Emergence of Electronic Markets: Implication of Declining Transport Costs on Firm Profits and Consumer Surplus
AbstractElectronic coordination may drastically reduce transport costs, especially for digital or digitalizable products where local markets may actually shrink to a point in space. In the present paper we use a model with differentiated products to analyze the impact of declining transport costs on profits and consumer surplus. While consumers always gain, the effect on producers depends on the degree of product differentiation and the magnitude of transport costs in the electronic market mode. Profits do only rise if products are substantially differentiated – in this case the positive effect of an extended consumer base due to the preference for product differentiation dominates the negative effect of intensified competition. This result is amplified if transport costs in the electronic market mode are substantial. In this case profits only increase if products are almost independent.
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Bibliographic InfoPaper provided by Universitaet Augsburg, Institute for Economics in its series Discussion Paper Series with number 196.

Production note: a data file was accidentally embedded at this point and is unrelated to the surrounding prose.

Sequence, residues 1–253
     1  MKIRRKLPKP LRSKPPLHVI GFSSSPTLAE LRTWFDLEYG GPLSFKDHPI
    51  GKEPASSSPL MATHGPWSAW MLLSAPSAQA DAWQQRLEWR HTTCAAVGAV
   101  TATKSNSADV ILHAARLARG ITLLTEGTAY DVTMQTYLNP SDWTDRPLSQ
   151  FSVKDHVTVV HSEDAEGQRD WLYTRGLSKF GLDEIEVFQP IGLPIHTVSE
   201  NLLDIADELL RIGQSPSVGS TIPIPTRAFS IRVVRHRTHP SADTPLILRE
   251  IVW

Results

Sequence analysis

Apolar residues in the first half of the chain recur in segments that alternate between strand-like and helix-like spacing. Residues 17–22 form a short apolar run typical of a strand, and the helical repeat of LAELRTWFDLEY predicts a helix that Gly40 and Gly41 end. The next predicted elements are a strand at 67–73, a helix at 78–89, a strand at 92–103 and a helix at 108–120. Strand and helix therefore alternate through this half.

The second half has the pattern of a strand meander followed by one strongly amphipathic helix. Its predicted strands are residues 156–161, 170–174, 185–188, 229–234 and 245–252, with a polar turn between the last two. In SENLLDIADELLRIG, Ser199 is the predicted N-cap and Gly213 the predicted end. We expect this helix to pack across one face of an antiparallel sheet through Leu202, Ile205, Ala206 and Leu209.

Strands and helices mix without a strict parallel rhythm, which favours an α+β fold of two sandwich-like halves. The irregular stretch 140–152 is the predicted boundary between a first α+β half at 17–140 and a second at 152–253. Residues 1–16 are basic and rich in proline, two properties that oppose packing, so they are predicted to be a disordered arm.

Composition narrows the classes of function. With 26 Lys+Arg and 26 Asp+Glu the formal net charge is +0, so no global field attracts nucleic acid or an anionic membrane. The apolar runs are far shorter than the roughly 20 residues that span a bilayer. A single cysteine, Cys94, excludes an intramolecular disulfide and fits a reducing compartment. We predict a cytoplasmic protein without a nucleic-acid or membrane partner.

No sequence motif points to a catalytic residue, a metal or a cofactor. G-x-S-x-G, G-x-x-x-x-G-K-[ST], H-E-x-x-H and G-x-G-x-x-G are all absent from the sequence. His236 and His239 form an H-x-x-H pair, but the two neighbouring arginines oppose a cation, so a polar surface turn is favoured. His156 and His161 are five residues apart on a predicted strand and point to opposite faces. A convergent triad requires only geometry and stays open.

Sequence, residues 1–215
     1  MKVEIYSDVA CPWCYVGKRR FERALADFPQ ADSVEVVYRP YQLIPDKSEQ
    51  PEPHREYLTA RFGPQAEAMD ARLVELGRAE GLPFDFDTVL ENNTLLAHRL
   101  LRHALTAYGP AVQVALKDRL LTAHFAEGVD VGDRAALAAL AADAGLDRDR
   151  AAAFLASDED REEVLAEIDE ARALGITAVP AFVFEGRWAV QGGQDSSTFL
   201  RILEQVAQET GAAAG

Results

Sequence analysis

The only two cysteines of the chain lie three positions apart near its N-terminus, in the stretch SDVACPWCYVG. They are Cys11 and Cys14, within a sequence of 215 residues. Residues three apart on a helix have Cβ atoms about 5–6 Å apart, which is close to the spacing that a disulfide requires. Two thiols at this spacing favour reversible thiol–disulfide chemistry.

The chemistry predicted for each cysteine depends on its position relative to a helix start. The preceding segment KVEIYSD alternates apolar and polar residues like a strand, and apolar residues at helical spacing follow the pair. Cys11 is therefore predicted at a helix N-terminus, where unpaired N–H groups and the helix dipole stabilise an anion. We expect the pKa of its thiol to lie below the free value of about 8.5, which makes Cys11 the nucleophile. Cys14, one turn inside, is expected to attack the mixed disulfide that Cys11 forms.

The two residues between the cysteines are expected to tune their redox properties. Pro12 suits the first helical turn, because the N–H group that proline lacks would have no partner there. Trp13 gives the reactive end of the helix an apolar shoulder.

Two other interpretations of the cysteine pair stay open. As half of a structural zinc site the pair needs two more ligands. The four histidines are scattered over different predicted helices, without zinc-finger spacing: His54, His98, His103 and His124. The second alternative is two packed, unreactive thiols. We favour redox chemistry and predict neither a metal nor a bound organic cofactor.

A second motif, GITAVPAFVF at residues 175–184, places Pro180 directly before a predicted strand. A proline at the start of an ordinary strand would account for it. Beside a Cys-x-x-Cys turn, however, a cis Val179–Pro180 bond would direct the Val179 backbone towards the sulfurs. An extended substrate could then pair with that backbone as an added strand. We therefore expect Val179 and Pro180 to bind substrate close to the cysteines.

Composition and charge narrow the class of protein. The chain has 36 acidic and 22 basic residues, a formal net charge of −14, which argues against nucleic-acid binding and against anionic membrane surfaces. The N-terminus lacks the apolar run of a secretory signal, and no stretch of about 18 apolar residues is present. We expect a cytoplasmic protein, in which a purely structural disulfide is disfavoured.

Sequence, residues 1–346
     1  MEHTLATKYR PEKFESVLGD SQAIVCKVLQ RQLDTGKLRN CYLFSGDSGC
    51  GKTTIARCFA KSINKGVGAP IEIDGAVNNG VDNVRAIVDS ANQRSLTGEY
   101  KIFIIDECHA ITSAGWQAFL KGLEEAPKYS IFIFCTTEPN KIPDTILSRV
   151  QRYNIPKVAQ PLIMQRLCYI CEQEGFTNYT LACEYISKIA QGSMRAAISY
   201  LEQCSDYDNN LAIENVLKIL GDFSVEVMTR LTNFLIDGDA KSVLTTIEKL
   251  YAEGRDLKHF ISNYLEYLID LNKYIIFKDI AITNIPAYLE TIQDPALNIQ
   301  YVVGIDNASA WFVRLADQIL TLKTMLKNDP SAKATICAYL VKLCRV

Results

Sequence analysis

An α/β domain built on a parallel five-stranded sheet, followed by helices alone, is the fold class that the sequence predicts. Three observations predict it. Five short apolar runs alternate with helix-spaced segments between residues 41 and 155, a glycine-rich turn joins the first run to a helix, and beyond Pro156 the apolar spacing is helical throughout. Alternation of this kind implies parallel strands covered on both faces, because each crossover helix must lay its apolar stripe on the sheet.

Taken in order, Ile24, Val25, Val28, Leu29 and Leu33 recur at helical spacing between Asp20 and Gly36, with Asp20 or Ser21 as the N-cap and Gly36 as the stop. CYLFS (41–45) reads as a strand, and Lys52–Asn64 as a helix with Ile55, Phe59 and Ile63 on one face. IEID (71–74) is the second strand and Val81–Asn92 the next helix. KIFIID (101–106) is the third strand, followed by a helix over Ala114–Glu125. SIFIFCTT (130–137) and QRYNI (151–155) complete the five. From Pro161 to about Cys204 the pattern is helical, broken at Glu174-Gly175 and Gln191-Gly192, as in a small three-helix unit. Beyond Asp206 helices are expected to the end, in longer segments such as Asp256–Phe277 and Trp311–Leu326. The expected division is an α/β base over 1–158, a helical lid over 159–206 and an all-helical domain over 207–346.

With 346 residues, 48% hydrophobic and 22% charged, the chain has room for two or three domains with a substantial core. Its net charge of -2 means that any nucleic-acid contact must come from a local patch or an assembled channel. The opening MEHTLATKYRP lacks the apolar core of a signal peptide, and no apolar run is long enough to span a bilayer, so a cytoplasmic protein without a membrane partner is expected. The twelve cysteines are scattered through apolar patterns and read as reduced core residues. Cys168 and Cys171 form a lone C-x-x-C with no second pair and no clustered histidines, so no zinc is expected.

Date of creation: Jul 2000
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Find related papers by JEL classification:
- D43 - Microeconomics - - Market Structure and Pricing - - - Oligopoly and Other Forms of Market Imperfection
- F13 - International Economics - - Trade - - - Trade Policy; International Trade Organizations
- L13 - Industrial Organization - - Market Structure, Firm Strategy, and Market Performance - - - Oligopoly and Other Imperfect Markets
- L52 - Industrial Organization - - Regulation and Industrial Policy - - - Industrial Policy; Sectoral Planning Methods
This paper has been announced in the following NEP Reports:
- NEP-ALL-2001-01-27 (All new papers)
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